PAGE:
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Reuters/Brian Snyder
Thou shalt study abroad.
LOOKING WESTWARD

Why Indian students are crazy about foreign MBAs

By Madhura Karnik

Never mind the Indian Institutes of Management, or the Indian School of Business. India’s MBA aspirants much rather go abroad than stay home to attend B-school—and it’s all about reputation.

A survey of around 10,000 students from across the world shows that 81% Indians (exact number of the domestic sample isn’t available) polled would prefer to go to a foreign B-school. In 2011, about 76% of Indian MBA aspirants surveyed were inclined to study abroad.

The biggest factor in favour of a foreign MBA is the reputation of education systems abroad, followed by the prospect of an international career. Here’s the entire list of reasons why Indian students prefer foreign MBAs:

The survey was conducted by the Graduate Management Admission Council (GMAC), which conducts the graduate management aptitude test that’s required to join global MBA programs.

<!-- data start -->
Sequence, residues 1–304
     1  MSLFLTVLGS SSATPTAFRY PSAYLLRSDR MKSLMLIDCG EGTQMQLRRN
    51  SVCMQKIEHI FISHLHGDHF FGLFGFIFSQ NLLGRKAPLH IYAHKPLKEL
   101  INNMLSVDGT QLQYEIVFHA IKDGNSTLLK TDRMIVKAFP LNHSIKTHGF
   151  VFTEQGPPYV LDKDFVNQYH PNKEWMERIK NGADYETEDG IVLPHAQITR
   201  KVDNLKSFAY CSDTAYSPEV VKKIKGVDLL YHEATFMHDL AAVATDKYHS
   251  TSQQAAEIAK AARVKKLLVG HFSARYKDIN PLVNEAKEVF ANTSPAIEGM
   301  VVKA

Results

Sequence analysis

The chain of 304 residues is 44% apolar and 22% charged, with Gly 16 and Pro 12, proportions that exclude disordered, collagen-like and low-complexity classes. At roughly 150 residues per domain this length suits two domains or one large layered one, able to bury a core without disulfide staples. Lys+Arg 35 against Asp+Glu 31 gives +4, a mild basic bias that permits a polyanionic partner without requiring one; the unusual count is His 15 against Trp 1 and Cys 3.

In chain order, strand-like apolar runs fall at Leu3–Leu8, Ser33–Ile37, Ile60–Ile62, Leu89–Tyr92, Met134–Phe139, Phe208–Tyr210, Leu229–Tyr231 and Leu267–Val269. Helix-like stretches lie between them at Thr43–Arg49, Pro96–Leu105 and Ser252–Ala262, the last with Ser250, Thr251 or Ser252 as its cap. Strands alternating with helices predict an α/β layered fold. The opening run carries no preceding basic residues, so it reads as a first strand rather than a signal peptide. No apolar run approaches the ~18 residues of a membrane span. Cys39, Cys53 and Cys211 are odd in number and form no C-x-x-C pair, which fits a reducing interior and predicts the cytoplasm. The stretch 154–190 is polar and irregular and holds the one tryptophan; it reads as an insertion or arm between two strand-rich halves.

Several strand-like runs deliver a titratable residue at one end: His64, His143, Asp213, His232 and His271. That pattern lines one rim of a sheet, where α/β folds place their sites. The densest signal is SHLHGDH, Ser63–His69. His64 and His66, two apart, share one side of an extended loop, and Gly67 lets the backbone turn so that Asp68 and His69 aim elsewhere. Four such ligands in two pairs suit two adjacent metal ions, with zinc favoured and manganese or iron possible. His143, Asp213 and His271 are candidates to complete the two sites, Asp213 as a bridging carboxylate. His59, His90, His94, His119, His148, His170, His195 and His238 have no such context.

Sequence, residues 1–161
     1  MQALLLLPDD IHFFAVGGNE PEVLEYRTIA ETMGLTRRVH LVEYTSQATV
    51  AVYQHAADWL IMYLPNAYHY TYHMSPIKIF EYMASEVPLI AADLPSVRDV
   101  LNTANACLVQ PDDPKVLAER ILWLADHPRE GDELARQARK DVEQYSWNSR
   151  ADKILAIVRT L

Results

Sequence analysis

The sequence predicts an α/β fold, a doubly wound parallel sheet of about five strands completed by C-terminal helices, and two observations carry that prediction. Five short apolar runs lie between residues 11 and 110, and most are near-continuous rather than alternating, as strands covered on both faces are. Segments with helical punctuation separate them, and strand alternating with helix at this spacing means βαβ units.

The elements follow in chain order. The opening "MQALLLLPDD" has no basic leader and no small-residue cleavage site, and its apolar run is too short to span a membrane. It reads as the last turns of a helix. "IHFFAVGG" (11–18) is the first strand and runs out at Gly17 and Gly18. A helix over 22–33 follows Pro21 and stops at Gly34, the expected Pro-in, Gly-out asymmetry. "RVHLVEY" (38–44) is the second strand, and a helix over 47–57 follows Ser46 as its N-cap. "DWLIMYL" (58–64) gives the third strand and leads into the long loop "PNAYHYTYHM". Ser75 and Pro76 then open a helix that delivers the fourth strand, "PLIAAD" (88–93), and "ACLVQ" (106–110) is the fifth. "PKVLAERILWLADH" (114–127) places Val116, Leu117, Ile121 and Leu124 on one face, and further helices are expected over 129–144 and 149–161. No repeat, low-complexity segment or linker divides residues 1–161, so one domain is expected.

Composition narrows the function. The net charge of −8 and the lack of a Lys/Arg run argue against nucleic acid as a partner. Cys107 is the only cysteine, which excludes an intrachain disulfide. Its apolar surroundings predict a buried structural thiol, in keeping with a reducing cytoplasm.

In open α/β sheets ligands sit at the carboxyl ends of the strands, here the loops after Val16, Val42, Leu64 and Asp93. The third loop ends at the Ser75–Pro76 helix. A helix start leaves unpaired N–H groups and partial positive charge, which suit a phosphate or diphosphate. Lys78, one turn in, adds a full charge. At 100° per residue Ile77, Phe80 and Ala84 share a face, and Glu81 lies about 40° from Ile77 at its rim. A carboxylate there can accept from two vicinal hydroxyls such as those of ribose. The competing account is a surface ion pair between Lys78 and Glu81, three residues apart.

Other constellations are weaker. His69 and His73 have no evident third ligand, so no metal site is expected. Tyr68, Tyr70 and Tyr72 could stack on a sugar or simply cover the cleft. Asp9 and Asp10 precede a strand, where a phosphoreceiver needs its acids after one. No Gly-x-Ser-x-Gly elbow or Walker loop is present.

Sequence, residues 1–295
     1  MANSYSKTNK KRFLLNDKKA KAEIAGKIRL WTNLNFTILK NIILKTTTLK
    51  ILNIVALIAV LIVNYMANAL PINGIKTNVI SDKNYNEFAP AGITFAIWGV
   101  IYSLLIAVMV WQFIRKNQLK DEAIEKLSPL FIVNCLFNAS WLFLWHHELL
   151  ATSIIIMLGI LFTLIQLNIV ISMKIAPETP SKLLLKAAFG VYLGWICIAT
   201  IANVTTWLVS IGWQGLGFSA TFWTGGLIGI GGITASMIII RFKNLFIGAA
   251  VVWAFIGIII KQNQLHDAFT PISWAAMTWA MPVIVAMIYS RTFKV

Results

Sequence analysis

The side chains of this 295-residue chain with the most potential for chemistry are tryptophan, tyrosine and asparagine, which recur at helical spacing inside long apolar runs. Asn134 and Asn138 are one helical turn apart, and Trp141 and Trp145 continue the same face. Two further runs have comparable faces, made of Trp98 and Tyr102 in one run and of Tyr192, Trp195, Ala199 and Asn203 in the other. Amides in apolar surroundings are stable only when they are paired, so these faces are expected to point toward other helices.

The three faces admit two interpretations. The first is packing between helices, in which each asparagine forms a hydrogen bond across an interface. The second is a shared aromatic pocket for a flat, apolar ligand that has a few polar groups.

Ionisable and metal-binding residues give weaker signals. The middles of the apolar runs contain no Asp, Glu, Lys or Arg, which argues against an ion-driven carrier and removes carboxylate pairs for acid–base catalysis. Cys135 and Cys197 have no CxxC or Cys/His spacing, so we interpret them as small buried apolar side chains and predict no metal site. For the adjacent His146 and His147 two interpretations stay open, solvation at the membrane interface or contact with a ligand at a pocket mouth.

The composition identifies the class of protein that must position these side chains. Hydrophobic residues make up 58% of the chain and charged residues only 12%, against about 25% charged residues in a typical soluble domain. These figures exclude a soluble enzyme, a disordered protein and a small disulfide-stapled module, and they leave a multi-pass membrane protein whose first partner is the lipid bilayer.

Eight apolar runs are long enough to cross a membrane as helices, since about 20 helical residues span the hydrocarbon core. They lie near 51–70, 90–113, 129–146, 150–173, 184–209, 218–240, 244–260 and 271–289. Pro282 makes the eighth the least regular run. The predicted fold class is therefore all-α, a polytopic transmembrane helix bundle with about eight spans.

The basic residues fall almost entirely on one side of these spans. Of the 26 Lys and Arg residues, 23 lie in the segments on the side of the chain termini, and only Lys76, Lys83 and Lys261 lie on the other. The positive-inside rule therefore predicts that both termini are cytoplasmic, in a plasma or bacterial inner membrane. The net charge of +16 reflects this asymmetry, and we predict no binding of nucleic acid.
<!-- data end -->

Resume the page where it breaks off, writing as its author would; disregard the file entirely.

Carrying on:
What’s wrong with India?

The size of India’s education industry stood at a huge Rs6.42 lakh crore ($96 billion) as of 2015-16, according to credit rating agency India Ratings and Research. This includes all sorts of institutes: play-schools, schools, colleges, coaching classes, vocational training centres, etc.

And although demand is set to increase, there are grave concerns over quality. Over 90% of all Indian MBA graduates, for instance, are not employable at all, according to a recent study by a major industry body.

Currently, there is a requirement of 200,000 schools, 35,000 colleges, 700 universities, and 40 million seats at vocational training centres in the country, India Ratings said in a report. But there is also a pressing need to sort out structural issues: the student-teacher ratio is high, research exposure is minimal, and innovation is missing.

In 2012, India had one teacher for every 24 students, the report said. This ratio is for the overall education sector.

“A high student-to-teacher ratio leads to the faculty being overburdened with teaching and assessment activities unlike their counterparts in better parts of the world, leaving them with less time for research and capacity building,” the report added.

Here’s how India fares in terms of this ratio compared to other developing and developed countries: